• We are now in recession, which will be reflected by one third of the global economy by next year, according to the International Monetary Fund.
  • Unemployment is expected to rise to 4.9% in 2024.
  • Personal Tax – The 45p threshold for the highest earners will reduce to £125,140.
  • Other Personal Tax, National Insurance and Inheritance Tax allowances will be frozen until April 2028.
  • Unearned income (Dividend Allowance) will reduce from £2,000 to £1,000 next year, and £500 from April 2024.
  • Capital Gains Tax Allowance will reduce from £12,300 to £6,000 next year and £3,000 from April 2024.
  • Electric Cars will no longer be exempt from Vehicle Excise Duty from April 2025.
  • Company Car tax levels remain unchanged.
  • Stamp Duty reductions will remain in place until 31st March 2025, and will then be phased out.
  • Employers National Insurance contributions will be frozen until April 2028
  • Employment Allowance remain unchanged at £5,000.
  • R&D tax credit – The enhanced deduction rate is reducing from 130% to 86% and the tax credit claimable if you make a loss reduces from 14.5% to 10%. For large companies the expenditure credit increases from 13% to 20%.
  • Public Funding of R&D will increase by £20billion by 2024/25.
  • Business Rates – revaluation in April 2023 to go ahead, but with a transitional Relief Scheme to support businesses with a £14billion tax cut over the next five years.
  • Support for household energy bills is reducing, with typical bills rising from £2,500 to £3,000 per year, though there will be extra support for pensioners, those receiving means tested benefits and those receiving disability benefits.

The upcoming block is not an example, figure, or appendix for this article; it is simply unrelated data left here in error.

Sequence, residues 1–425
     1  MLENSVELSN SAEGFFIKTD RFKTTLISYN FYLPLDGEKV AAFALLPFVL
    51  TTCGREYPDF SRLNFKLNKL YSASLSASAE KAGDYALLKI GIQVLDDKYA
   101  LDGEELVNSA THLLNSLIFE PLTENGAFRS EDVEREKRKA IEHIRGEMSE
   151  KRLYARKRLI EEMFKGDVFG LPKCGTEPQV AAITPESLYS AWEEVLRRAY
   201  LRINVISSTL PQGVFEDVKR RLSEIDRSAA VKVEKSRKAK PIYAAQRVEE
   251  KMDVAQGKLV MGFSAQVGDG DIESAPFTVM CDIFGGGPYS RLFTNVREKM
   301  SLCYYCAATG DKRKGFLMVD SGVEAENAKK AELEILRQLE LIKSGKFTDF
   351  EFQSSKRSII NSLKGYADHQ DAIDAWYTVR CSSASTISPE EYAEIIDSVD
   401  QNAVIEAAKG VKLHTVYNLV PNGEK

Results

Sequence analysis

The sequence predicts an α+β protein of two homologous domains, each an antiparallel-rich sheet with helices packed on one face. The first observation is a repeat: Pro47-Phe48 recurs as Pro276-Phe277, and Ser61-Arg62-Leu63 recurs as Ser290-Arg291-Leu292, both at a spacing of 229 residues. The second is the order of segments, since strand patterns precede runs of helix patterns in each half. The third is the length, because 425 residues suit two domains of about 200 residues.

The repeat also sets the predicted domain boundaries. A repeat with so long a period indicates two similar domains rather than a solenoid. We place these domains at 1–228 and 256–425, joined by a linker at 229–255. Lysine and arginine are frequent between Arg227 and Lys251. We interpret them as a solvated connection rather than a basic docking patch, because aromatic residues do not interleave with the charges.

• This support will be extended for another 12 months.
  • By the end of the year, there will be a new targeted approach to support businesses from April 2023.
  • National Living Wage will increase in April 2023 to £10.42 per hour.
  • The Pensions Triple Lock will not be broken, with the State Pension increasing in line with inflation in April 2023.
  • A new Energy Efficiency Taskforce will lead the UK towards reducing energy consumption by 15% from 2025. £6billion will come from Government to fund this process.
  • Capital Budgets remain unchanged for the next two years and maintained for following three years.
  • Regulation changes to come by end of 2023 in five growth industries: digital technology, life sciences, green industries, financial services and advanced manufacturing.
  • Import tariffs to be lifted on over 100 good used by UK businesses in production processes.
  • Investment zones will leverage research strengths and encourage ‘clusters’ of new growth industries.

The Summary…

To access our summary, click on the button below:

If you’d like to see the full guidance from the Autumn Statement, you can see that here.

There’s always additional detail that’s published after the Chancellor’s speech has been delivered. We’ll work through this and be in touch to clarify or provide extra information as appropriate.

If you’d like to discuss the impact of the announcements on your personal or business affairs, or anything else, please get in touch.